After eight years holding one or more major titles at a time, Roger Federer is a king without a scepter.
On Thursday, Federer, 29, lost his Australian Open semifinal to Novak Djokovic, who coaxed 44 unforced errors out of Federer during three battering-ram sets. The loss came a day after Federer’s partner in dominating the past decade, 24-year-old Rafael Nadal, bowed out of his Aussie quarterfinal in a straight-set loss of his own. Coming Sunday: only the second major final without either Federer or Nadal since 2005.
Djokovic won comprehensively. With blunt power and sweeping defense, he caused the match-tough Federer, winner of his past two events in London and Qatar, to wilt within each set of a 7-6, 7-5, 6-4 victory.
By following up his five-set U.S. Open semifinal ouster of Federer last fall, Djokovic, 23, showed he is no longer intimidated by Federer’s flash and skill in the way that he was in his first major final, a straight-set U.S. Open loss to Federer in 2007. That represented Federer’s 12th of 16 major titles, and it came at a time when talk was not just of Federer’s greatness, but his invincibility.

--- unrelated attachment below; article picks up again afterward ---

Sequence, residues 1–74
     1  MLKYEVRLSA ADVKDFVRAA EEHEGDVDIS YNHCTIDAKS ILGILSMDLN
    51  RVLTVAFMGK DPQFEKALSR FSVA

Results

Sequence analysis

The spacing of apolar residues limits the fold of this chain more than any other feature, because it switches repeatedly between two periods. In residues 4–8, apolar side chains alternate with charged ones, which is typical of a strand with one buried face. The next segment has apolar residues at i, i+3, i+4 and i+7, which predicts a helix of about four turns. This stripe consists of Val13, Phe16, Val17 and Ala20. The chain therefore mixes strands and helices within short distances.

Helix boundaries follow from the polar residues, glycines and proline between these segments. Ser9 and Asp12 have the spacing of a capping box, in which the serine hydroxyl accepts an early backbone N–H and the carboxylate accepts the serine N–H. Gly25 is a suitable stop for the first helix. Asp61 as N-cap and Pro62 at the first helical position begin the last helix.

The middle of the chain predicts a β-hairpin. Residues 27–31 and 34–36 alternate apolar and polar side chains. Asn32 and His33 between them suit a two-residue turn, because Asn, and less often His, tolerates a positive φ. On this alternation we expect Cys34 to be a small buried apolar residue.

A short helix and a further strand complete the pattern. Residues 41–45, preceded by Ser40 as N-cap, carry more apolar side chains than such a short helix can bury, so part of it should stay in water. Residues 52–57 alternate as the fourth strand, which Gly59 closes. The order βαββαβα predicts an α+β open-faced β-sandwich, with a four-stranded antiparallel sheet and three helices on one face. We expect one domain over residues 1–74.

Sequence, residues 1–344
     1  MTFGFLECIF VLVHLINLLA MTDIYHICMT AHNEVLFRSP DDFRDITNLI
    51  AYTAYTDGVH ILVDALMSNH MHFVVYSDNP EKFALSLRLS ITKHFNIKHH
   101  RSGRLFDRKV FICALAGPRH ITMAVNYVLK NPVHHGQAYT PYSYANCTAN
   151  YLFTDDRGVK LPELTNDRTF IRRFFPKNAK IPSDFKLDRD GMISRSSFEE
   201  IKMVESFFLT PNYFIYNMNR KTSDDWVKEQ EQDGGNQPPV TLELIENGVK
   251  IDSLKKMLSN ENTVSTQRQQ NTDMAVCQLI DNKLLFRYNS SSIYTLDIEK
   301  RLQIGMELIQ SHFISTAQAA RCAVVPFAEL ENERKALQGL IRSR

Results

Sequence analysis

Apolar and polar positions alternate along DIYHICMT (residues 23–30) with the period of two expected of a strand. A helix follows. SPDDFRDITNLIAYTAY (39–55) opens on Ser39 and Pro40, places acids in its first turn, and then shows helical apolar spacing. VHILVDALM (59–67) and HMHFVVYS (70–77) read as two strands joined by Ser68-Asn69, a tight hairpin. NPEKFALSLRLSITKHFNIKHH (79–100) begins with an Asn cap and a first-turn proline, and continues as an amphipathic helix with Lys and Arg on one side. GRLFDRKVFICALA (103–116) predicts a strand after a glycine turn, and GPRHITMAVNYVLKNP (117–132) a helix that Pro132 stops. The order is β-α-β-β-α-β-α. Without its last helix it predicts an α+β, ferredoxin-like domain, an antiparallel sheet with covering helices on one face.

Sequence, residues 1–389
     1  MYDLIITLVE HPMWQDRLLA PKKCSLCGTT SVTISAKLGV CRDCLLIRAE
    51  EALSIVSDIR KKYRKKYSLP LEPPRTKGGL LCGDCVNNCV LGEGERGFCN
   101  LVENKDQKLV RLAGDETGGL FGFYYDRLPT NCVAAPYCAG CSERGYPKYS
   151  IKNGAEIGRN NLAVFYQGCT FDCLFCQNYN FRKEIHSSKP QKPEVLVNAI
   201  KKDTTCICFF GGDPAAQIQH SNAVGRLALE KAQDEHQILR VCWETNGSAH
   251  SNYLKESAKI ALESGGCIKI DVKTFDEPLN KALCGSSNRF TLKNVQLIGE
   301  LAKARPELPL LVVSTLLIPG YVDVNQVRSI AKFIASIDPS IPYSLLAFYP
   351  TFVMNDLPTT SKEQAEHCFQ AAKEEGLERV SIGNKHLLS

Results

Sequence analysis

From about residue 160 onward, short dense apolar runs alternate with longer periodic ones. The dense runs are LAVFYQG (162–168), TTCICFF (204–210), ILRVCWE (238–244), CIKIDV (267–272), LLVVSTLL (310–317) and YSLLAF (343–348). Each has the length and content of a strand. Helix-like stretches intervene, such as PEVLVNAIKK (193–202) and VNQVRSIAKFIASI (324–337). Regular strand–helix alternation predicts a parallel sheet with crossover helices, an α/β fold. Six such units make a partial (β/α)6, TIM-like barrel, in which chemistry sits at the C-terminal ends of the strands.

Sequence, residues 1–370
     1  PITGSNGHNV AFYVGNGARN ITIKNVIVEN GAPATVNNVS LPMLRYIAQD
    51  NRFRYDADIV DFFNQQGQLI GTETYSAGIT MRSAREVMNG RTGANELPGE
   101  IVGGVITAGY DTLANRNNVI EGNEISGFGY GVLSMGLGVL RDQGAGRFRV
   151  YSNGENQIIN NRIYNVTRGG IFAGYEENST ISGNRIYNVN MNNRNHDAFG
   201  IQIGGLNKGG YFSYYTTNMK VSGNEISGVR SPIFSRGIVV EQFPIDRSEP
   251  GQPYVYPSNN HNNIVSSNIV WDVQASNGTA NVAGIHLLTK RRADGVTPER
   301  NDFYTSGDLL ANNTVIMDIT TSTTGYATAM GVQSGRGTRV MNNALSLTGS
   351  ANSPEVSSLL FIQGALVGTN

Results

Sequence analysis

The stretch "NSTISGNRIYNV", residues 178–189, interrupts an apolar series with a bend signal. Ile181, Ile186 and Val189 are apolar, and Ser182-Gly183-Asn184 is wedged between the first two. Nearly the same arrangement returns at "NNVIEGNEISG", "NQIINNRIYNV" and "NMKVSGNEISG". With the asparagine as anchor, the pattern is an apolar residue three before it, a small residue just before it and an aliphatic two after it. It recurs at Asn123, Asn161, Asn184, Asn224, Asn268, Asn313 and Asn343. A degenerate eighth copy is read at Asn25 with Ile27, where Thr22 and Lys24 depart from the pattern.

Federer’s quality has dipped only a little, but enough to put him on the outside of a fourth straight major final. And the top-ranked Nadal is undergoing what should be only a brief bout with injury. But their long-suppressed rivals appear less willing to accept diminished expectations — and more capable of reversing them than ever.
The sport’s balance of power shift is slight but inexorable, with results that are traumatic for some and dramatic for all.
Max J. Dickstein (mdickstein[at]am-ny[dot].com, or @amNYsports on Twitter) is amNewYork's sports editor.